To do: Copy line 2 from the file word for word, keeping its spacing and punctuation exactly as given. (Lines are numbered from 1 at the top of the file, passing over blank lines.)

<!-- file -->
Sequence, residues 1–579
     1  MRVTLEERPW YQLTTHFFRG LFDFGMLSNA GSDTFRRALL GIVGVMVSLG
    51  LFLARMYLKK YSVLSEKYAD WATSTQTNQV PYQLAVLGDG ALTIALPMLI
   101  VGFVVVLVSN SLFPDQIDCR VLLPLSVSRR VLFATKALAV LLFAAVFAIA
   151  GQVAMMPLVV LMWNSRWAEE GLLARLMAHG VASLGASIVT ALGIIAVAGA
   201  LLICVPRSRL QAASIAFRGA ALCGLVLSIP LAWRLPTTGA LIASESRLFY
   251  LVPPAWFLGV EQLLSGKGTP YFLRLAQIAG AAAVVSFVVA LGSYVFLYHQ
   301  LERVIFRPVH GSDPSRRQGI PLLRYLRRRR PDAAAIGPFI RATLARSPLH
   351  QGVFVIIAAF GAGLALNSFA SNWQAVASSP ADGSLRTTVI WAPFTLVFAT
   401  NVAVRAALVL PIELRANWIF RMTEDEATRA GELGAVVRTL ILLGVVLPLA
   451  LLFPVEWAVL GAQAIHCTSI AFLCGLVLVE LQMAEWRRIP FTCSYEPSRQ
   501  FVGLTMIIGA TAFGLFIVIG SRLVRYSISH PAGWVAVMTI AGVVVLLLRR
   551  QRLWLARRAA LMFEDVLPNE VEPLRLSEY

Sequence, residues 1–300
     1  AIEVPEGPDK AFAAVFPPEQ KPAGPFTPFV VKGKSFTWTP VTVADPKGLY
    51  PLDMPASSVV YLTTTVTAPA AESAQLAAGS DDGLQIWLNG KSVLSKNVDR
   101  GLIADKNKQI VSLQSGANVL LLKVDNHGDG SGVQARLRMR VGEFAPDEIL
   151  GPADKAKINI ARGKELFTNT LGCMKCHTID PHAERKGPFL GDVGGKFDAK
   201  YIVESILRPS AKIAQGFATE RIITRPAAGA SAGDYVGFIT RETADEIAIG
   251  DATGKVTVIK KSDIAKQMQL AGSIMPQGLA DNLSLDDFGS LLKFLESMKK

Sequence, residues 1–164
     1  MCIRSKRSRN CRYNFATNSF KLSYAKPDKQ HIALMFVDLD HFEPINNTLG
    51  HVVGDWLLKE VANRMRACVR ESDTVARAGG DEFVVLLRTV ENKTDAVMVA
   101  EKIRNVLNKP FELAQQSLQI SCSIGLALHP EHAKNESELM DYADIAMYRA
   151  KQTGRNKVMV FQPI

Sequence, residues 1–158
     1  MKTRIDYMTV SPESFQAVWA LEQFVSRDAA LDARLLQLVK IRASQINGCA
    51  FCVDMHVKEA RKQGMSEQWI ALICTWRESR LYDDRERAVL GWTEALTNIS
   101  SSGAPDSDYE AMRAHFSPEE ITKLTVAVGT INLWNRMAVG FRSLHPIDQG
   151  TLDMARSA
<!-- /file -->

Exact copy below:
     1  MRVTLEERPW YQLTTHFFRG LFDFGMLSNA GSDTFRRALL GIVGVMVSLG